Education lags behind our academic peers regarding research informed by transgender studies. For education institutions to meet the needs of transgender students and educators, we need to increase the scale, depth, and breadth of education research. The field of education must also acknowledge our responsibility in causing harms to transgender youth and professionals and avoid replicating the white-washed, deficit perspectives and pathologizing ideologies of previous research. This session will share conceptual and empirical scholarship aimed at facilitating deeper engagement with transgender communities as a way to ethically interrogate how K-12 education institutions reinforce and reproduce anti-transgender policies and practices. Collectively, the presenters provide the theoretical framing, methodological guidelines, and empirical exemplars needed to move the field of transgender studies in education forward.

***Cinematic Intersection Series: Women of Color Leadership in the Education: Possibility Models for Working Within and Beyond Education for Social Change

Saturday, April 10, 2:30 pm - 4 pm 

Session Participants:
Chair: Leigh Patel (University of Pittsburgh)
Participant: Talisa Dixon (Columbus City Schools)
Participant: Valerie Kinloch (University of Pittsburgh)
Participant: Latifat Odetunde (Boston College)
Participant: Na'ilah Suad Nasir (Spencer Foundation)

Abstract:

Education is in, arguably, its most precarious times. Neoliberalism, school closings and openings amidst the concentrated impacts of COVID-19 on Black, Latinx, and Indigenous peoples all display the fact that schools/universities are contested spaces. Still, Black and other women of color in formal, high level leadership roles work within and beyond formal and informal educational structures to forge collaborative partnerships, engage communities and promote equity. Although K-12 school districts and higher education remain largely grounded in Eurocentric patriarchal epistemologies and leadership models, both history and the present struggle for educational equity reveals much about what has and can be done when women of color build collective power.

Creating Expansive and Equitable Learning Environments: Elaborating the RISE Learning Principles

Sunday, April 11, 2:30 pm - 4 pm

Session Participants:
Breakout 1: Human Evolution, Physiological Processes, & Participation in Cultural Practices - Carol Lee
Breakout 2: Discourse, Positioning, Argumentation, & Learning - Roy Pea
Breakout 3: Learning Across Contexts - Na'ilah Suad Nasir
Breakout 4: Reframing and Studying the Cultural Nature of Learning - Maxine McKinney de Royston
Breakout #5: Implications for Policy and Practice
Chair: Na'ilah Suad Nasir (Spencer Foundation)
Chair: Carol D. Lee (Northwestern University)
Chair: Roy D. Pea (Stanford University)
Chair: Maxine McKinney de Royston (University of Wisconsin - Madison)

Abstract:

This symposium builds on the recently published, Handbook of the Cultural Foundations of Learning, which theorizes the cultural nature of learning and reflects on the nature of robust learning environments. Drawing on the most recent scientific advances in neuroscience, psychology, anthropology, sociology, and the learning sciences, this work advances our understanding of what learning is, and how we can best support it in school and out. A core aspect of taking up educational responsibility—the theme for this year’s Annual Meeting, is scholars taking responsibility for the power of our theories to influence the types of teaching and learning that happen in school, for all students but especially for learners from minoritized communities. Taking educational responsibility around learning entails that education systems should take seriously the importance of robust learning experiences, and adopt practices that align with what we know about teaching and learning.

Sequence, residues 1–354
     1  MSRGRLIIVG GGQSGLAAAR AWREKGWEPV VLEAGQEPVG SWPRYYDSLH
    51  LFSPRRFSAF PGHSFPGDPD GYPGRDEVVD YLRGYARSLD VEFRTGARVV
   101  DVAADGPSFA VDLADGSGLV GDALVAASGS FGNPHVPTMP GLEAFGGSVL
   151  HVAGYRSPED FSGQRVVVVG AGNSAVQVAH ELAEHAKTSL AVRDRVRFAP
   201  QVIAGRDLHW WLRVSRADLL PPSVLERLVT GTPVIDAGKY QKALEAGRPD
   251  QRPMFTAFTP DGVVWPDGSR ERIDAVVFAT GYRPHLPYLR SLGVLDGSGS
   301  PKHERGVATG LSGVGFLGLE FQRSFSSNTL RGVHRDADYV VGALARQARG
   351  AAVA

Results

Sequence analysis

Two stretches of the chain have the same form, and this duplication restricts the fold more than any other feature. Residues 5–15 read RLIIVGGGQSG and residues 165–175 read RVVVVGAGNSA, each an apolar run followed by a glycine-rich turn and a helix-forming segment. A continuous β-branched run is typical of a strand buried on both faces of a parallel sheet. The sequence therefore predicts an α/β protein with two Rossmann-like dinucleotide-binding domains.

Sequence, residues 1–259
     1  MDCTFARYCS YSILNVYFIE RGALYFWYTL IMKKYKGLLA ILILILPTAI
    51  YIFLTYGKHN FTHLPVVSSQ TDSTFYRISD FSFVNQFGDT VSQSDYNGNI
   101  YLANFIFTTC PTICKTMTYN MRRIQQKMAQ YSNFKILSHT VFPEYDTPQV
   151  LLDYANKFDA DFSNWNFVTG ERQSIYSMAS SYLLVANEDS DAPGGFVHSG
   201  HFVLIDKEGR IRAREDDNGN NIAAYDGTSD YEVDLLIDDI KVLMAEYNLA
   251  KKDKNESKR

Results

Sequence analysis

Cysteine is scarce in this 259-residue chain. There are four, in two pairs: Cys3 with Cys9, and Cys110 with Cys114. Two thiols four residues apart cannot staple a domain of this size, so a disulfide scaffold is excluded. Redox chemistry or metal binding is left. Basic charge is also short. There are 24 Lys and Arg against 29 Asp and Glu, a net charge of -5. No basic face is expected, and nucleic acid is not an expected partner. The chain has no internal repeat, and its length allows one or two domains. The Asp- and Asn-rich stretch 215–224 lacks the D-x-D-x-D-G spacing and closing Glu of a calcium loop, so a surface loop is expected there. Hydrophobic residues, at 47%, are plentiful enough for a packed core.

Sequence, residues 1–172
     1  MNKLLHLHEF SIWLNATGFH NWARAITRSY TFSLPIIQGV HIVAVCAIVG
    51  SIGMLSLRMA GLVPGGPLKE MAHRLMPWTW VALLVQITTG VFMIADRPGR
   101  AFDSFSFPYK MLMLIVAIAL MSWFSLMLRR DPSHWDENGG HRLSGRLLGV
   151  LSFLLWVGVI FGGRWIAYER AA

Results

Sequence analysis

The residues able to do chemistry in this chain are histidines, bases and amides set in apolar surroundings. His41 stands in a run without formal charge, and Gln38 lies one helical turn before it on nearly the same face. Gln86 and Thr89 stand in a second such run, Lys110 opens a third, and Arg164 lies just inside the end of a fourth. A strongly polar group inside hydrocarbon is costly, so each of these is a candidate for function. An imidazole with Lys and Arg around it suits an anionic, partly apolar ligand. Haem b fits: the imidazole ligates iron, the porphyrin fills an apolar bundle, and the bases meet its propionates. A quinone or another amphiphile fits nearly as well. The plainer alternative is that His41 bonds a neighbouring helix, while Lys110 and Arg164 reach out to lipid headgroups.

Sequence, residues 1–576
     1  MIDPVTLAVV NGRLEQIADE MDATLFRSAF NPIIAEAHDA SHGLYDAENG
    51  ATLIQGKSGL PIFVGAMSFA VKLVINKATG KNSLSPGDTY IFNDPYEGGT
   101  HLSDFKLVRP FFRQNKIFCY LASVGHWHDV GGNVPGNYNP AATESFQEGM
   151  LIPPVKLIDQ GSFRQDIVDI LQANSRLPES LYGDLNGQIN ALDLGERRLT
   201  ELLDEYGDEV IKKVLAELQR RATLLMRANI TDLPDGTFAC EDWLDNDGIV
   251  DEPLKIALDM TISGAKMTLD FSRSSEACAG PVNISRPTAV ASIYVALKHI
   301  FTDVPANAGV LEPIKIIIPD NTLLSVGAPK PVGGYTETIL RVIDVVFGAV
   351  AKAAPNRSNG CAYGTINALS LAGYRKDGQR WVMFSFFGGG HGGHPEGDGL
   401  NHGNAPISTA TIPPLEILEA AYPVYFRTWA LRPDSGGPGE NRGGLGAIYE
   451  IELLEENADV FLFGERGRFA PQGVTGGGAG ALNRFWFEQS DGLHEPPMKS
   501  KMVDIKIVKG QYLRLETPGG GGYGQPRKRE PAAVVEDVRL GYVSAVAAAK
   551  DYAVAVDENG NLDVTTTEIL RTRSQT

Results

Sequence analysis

In this symposium, we articulate and reflect on the RISE principles, which define high quality, culturally-sustaining learning spaces. These principles view learning as:

  • Rooted in our bodies and brains, which are intertwined with our social and cultural practices.
  • Integrated with every other aspect of human development, including emotion, cognition, and the formation of identity.
  • Shaped through the culturally organized activities of everyday life, both in and out of school and across the lifespan.
  • Experienced as embodied and coordinated through social interactions with the world and others.

Each of these principles has important implications for how we think about learning, but also for how we structure learning in schools and classrooms, and how we understand the learning that occurs in communities and across them in the full learning ecology of people’s lives.

In this symposium, we explore each of these principles by reflecting on the key arguments from the Handbook in five breakout discussions, aligned with the five sections of the Handbook: Section 1) Human evolution, physiological processes, and participation in cultural practice; Section 2) Discourse, positioning, argumentation, and learning in culture; Section 3) Learning across contexts; Section 4) Reframing and studying the cultural nature of learning; and Section 5) Implications for practice and policy. Each breakout session will engage a presenter (who is not an author) to reflect on core contributions, tensions, and implications for learning theory and the practice of teaching and learning. Then the presenter will engage in a discussion with and among chapter authors. Finally, the breakout session will open to engaged discussion with the audience participants.